A trigger bag 25 is detachably connected to the inflatable bag 10 and through a flexible tube 26 communicates with the controller 3. The controller 3 is connected to the exhalation valve by a control conduit 27. When the trigger bag is compressed in the inhalation phase of artificial respiration which is manually effected by the inflatable bag, the controller 3 closes the exhalation valve so that the respirator can build up the pressure which is required for the artificial respiration of the patient.
Any condensate will be automatically forced out of the head fitting under the pressure of the inhalable air.
When the patient is subjected to artificial respiration which is manually effected, the conditioner acts as a check valve.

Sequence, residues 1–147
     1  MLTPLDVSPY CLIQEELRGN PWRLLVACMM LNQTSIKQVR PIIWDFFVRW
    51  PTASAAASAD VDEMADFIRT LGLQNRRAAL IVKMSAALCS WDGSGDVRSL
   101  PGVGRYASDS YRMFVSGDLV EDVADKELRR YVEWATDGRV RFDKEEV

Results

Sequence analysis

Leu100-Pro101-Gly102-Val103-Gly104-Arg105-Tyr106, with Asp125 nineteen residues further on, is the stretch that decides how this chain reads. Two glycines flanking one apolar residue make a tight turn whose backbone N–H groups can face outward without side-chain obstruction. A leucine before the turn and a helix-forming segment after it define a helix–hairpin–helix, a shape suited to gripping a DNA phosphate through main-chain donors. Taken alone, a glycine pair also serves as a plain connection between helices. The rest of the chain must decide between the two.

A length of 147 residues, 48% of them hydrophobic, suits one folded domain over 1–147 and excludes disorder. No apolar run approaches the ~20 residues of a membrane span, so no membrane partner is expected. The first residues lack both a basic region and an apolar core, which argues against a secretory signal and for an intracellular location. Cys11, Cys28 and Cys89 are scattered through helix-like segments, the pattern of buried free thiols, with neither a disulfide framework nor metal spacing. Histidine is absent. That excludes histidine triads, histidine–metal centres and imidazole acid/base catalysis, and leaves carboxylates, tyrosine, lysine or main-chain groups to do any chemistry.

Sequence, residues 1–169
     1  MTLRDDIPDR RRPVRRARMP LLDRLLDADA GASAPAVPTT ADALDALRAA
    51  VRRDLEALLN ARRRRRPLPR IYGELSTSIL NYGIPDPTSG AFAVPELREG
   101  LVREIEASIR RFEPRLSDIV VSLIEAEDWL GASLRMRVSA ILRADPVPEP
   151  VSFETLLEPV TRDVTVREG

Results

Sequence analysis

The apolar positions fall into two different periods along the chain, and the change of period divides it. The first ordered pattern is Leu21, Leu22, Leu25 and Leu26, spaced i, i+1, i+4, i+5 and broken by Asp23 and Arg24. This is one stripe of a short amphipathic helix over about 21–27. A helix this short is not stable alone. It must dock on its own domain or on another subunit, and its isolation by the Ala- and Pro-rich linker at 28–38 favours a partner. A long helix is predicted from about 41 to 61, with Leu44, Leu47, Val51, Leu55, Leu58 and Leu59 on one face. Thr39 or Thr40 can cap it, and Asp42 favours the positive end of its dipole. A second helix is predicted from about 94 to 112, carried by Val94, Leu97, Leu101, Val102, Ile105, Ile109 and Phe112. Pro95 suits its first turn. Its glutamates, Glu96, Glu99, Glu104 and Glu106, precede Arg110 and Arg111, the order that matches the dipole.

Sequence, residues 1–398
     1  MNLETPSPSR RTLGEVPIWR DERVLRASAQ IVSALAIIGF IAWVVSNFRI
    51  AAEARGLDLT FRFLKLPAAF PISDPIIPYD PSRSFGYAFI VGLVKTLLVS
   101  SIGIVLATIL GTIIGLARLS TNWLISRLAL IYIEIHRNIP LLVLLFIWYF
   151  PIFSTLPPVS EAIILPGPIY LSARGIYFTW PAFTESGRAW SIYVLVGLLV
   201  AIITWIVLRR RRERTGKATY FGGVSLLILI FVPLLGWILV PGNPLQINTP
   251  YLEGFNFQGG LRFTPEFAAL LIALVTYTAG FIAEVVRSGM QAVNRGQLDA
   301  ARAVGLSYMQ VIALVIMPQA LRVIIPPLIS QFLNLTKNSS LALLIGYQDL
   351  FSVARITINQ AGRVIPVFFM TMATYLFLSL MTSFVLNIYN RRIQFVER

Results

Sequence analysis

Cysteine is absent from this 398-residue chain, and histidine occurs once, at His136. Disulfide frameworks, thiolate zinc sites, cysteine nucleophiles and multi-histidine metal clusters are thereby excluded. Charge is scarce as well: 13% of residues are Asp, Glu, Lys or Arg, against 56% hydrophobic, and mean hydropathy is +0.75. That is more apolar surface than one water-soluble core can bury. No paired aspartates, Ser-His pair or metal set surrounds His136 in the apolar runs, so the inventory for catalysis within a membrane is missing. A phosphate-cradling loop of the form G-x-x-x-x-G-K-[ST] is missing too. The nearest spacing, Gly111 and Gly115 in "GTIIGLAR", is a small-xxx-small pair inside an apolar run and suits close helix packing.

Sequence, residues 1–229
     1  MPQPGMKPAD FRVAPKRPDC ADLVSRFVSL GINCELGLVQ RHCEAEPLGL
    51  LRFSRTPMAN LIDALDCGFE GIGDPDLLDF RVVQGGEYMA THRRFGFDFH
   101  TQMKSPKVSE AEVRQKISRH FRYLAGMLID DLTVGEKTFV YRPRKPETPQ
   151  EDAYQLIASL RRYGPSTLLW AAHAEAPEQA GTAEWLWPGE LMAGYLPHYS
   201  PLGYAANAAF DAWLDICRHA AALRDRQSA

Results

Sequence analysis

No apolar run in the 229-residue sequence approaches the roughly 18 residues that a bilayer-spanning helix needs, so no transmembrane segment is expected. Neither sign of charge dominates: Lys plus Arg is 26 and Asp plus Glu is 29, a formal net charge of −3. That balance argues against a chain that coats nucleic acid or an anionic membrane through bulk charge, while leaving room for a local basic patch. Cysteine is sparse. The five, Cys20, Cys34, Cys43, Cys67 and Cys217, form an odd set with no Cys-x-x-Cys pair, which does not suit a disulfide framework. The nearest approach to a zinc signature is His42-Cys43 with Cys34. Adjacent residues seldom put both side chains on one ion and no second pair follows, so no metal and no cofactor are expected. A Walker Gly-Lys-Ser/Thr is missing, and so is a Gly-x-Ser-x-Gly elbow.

The unsterile part of the system is apparent from the right-hand part of the drawing. It consists of the respirator 1, which may be pressure- or volume- or flow rate-controlled, and the controller-adapter unit 3. The controller 3 can be connected to the respirator in a very simple manner without need for alterations so that up-to-date artificial respiration techniques can be carried out with existing respirators, which have proved to be reliable, when such respirators are provided with the appliance according to the invention. The unit 3 serves also as a universal adapter so that the universal system for artificial respiration shown on the left side of the drawing can be connected to any respirator. This standardization obviously greatly reduces the expenditure involved in artificial respiration.